What the DOJ’s new crackdown on Corporate Crime means for businesses
- October 27, 2022
In September 2022, Deputy Attorney General Lisa Monaco gave a speech detailing the Department of Justice’s new corporate crime guidance. This guidance is meant to crack down on white-collar crime and holding corporations accountable for their actions. Monaco emphasized new procedures for corporate criminal enforcement to the Department of Justice, which included specific suggestions for when prosecutors should consider both individual and corporate accountability, as well as to whether they should enforce a monitor in any future corporate criminal cases. She also reiterated that the principle focus for the DOJ is “individual accountability.”
With this focus on executive compensation clawbacks, the DOJ is stepping into an area first highlighted by the Dodd-Frank Act of 2010, which directed the Securities and Exchange Commission to promulgate rules requiring publicly-listed companies to have compensation clawback policies. However, on June 8, 2022, the SEC requested comments for the third time on its proposed rule, and we expect final rules to be forthcoming.
The Deputy AG’s Corporate Crime Advisory Group released the following recommendations
A recent change in policy now allows prosecutors to take into consideration the timeliness of a corporation’s self-disclosure of wrongdoing when determining if leniency is warranted. If a company has an effective compliance program at the time it resolves any misconduct, it may be able to avoid having a monitor imposed. Further, prosecutors must consider how current misconduct compares to past instances of wrongdoing when deciding whether to bring charges or whether recent misdeeds happened under the same management as earlier periods of unethical behavior.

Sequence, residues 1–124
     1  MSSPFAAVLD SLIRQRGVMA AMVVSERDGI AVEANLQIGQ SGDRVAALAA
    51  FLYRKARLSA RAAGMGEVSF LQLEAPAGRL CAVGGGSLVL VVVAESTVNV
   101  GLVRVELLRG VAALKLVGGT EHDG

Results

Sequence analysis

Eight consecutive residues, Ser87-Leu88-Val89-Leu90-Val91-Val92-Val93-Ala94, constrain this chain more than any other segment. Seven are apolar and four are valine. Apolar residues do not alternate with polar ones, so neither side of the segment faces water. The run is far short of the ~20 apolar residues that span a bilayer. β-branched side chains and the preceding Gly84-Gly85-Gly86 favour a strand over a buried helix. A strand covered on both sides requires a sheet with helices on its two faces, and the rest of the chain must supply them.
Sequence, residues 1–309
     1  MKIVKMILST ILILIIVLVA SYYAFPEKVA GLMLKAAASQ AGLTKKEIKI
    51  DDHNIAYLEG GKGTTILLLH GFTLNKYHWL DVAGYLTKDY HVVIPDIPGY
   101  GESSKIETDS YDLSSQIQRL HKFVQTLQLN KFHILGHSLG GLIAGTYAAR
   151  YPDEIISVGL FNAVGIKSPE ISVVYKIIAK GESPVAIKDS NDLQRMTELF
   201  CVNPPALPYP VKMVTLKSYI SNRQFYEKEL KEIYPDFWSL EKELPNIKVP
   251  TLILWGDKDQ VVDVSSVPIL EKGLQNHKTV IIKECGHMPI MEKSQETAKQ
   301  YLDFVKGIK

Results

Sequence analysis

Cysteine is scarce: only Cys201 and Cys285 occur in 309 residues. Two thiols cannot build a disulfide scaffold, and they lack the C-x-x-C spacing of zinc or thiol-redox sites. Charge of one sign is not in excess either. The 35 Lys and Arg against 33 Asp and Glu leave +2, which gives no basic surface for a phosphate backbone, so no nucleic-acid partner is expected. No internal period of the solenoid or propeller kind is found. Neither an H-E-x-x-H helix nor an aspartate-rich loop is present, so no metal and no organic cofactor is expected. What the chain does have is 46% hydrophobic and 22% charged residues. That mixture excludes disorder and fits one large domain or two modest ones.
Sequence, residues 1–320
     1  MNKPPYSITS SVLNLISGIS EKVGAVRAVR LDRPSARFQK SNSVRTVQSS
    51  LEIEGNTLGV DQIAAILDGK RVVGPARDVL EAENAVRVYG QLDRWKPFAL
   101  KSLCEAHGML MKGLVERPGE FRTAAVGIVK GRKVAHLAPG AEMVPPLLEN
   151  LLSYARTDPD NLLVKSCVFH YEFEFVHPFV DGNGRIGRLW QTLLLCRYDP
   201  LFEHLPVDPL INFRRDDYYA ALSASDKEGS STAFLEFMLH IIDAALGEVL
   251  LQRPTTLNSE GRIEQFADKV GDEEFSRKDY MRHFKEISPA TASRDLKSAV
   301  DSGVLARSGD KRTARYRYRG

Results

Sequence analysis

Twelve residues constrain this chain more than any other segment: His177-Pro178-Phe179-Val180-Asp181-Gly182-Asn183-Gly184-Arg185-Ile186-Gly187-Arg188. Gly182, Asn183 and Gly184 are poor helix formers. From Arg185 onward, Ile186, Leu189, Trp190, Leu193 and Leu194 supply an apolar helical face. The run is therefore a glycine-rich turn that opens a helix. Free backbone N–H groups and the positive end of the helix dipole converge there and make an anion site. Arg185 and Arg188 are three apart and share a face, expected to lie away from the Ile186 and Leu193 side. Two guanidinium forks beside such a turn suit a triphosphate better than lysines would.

To encourage compliance, a corporation should investigate its compensation structure and policies surrounding the use of personal devices and third-party apps. Additionally, the effectiveness of non-disclosure or non-disparagement agreements should be re-evaluated, as, according to the DOJ, this hinders the development of a culture open to compliance. All companies should have clear guidelines in place for when misconduct is reported or discovered. Companies may also need to consider obtaining expert legal advice from experienced attorneys.
How Global Legal Can Help You
At Global Legal Law firm, our expert attorneys can help your business identify any gaps in your existing compliance program. We are familiar with the rapidly changing nature of electronic payments processing, and the ever-changing regulations involved, with decades of expertise in ISOs, processors, commercial collections, credit card brands, and other forms of electronic payment processing litigation. Let us guide you through this new and volatile environment, rather than attempting to navigate it on your own.
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